|| This explanation may be incomplete or incorrect: Needs explanation of why the child isn't seen in the crib.|
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comments that Cueball
is force-feeding their child so many sugary drinks that the child runs the risk of developing diabetes
. Cueball responds that that is the plan, since if anything were to go wrong, they'll just have to stop giving her insulin
, which will kill her. Cueball then comments that he thus takes the Jurassic Park approach to parenting.
Jurassic Park is a series of books and films centering on a disastrous attempt to create a theme park of cloned dinosaurs. In particular, the park scientists give the dinosaurs lysine deficiency as a contingency plan, so that if some dinosaur were to escape, it wouldn't be able to survive in the wild. In practice, lysine can easily be obtained by eating protein-rich foods like red meat, lamb or pork.
The title text continues the theme, noting that having children is basically one big genetic experiment, and that Cueball is experimenting responsibly, by having a contingency plan, thinking ahead as to the possible consequences of his experiment.
- [Megan and Cueball holding a green bottle are standing beside a crib. Another green bottle is lying on the floor.]
- Megan: More sugary drinks? Are you trying to give her diabetes?
- Cueball: Yeah - then we keep her supplied with insulin unless things go wrong.
[Caption below the frame:]
- I take the Jurassic Park approach to parenting.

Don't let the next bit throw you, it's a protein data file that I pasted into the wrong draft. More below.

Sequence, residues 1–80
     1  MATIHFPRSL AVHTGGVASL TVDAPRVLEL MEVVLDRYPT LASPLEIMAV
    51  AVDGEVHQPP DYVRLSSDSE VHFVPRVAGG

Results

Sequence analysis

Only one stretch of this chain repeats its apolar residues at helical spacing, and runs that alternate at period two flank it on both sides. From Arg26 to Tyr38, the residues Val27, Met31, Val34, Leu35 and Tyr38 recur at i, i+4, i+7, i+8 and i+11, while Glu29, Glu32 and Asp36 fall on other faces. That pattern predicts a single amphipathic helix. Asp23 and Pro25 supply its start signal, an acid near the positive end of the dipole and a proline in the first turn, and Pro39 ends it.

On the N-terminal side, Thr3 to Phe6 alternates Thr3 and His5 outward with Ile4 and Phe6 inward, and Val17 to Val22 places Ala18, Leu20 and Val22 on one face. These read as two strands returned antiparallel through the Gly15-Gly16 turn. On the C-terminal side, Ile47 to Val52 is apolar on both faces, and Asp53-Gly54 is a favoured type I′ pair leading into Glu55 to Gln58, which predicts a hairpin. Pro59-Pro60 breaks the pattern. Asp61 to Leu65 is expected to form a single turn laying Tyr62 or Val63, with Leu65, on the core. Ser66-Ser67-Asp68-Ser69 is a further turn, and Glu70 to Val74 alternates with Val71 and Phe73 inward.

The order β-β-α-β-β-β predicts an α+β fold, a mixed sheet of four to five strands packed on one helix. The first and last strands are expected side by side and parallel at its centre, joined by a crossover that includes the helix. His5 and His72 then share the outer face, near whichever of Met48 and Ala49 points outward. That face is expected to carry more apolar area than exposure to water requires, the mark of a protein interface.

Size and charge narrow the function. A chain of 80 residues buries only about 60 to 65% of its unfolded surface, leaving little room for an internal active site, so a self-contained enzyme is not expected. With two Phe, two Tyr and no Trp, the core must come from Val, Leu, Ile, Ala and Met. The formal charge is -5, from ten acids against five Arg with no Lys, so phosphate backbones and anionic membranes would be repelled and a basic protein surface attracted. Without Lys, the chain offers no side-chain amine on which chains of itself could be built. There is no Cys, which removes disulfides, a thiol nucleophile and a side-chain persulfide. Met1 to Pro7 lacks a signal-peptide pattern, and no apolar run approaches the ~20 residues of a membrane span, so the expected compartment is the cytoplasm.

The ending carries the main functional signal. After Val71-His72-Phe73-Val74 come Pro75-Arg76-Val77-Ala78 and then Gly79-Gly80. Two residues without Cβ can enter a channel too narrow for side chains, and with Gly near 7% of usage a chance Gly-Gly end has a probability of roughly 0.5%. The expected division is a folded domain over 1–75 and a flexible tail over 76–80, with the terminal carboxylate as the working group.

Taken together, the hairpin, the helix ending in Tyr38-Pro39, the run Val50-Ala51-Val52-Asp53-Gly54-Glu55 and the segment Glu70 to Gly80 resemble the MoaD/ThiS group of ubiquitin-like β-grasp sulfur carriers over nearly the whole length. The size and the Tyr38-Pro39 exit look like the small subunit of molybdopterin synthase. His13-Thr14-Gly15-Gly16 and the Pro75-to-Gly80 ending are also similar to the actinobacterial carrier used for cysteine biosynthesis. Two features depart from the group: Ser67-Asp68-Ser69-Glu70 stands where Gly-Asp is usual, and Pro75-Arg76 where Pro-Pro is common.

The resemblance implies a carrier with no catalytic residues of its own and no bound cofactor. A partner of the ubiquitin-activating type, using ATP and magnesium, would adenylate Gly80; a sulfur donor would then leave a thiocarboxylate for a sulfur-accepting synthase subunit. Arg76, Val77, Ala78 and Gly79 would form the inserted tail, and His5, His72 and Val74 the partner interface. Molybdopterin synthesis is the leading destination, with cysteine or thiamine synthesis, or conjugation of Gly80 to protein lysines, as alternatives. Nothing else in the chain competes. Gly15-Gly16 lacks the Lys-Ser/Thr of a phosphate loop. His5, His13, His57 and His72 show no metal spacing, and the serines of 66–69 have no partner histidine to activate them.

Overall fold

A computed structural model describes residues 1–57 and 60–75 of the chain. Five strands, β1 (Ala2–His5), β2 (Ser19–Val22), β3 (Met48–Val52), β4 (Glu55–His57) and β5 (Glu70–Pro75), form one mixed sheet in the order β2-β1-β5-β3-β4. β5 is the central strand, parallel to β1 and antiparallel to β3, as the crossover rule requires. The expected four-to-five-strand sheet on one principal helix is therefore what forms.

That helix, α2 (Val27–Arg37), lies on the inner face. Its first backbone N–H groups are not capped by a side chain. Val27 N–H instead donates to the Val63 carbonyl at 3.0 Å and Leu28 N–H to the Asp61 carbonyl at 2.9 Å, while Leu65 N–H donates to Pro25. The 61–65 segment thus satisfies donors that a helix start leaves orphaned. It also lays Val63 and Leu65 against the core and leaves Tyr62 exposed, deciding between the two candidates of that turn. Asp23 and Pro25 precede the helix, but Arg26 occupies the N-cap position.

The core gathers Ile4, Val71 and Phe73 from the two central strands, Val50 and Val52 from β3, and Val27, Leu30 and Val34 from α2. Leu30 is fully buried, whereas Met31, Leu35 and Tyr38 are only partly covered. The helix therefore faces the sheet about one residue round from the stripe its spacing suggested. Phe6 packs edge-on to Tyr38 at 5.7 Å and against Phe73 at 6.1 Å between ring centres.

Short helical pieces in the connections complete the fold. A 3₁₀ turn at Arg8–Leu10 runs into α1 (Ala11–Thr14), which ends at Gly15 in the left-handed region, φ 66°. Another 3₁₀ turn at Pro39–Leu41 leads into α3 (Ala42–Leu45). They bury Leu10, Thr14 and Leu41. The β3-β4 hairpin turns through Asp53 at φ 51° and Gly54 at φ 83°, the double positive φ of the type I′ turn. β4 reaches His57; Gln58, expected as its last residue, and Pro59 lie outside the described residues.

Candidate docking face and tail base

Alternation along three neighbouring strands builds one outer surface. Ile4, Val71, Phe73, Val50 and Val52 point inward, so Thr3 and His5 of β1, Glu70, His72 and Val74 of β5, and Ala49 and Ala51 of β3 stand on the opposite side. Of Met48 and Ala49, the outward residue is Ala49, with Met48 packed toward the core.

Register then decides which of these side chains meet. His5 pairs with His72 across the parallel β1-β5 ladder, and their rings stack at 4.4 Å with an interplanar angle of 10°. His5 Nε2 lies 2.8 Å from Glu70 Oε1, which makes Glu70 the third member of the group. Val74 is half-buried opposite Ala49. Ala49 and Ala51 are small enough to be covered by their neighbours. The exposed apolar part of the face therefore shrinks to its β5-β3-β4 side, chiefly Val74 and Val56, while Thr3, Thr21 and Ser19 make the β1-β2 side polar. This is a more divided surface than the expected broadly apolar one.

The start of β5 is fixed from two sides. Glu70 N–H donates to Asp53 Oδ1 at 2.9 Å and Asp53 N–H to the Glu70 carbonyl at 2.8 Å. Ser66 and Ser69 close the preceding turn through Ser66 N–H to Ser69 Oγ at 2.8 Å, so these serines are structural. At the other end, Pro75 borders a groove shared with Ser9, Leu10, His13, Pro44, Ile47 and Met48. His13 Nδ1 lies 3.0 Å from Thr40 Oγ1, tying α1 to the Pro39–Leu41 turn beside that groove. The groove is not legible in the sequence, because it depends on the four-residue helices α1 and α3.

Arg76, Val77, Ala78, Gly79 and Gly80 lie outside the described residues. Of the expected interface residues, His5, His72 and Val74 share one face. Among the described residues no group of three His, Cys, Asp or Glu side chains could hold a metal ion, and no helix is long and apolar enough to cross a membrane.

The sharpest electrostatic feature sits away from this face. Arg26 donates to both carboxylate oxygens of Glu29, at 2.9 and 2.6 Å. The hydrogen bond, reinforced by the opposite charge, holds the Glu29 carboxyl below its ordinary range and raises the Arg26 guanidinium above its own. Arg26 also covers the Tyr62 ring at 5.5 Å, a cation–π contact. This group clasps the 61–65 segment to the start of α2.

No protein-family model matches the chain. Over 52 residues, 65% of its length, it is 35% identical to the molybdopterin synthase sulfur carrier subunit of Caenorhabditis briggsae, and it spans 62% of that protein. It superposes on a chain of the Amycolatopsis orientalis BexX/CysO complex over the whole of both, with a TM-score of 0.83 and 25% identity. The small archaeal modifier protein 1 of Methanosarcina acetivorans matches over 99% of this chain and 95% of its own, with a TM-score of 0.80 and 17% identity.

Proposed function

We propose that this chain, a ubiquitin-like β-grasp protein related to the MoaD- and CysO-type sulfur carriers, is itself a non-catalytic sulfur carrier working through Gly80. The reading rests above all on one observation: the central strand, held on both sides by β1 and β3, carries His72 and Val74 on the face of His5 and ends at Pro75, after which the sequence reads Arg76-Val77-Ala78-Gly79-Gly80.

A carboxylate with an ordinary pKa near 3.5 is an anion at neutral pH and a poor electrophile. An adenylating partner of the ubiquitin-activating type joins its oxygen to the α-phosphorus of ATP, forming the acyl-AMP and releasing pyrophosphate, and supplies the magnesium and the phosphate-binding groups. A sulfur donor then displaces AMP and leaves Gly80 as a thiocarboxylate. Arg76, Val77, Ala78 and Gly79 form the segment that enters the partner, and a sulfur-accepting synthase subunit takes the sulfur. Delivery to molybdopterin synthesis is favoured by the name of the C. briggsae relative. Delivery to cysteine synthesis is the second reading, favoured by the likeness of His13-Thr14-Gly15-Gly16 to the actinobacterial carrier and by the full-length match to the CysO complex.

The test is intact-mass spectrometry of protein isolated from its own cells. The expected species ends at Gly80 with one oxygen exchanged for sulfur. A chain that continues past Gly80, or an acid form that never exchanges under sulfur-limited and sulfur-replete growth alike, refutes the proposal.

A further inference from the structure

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I don't think the idea is that the parents would kill the child if something went wrong (that would not be responsible parenting.) I think the idea is that the child would not be able to run away from home and there would be no incentive for someone to kidnap the child, since it could not live without insulin from the parents. 18.104.22.168 (talk) (please sign your comments with ~~~~)
- Given the story of Jurassic Park I think you are wrong. 22.214.171.124 16:35, 22 October 2013 (UTC)
- Agreed. 126.96.36.199 20:58, 23 December 2013 (UTC)
From what I can find, this comic is confusing type 1 and type 2 diabetes. Giving your child lots of sugar would give them type 2 diabetes, but insulin is only required to treat type 1 diabetes. 188.8.131.52 22:46, 14 March 2015 (UTC)
- Severe cases of type 2 diabetes can also be treated with insulin, but whats more important: There is no direct connection between sugar intake and developing type 2. It would be more "efficient" to feed the child with fat-products. 184.108.40.206 09:17, 20 October 2015 (UTC)
- By fat-products, I am assuming you mean high-cholesterol or high-trans products. These have not been shown to be as effective than high GI carbohydrates. Other than carbohydrates, sodium has been linked to insulin resistance as well. flewk (talk) 02:50, 4 January 2016 (UTC)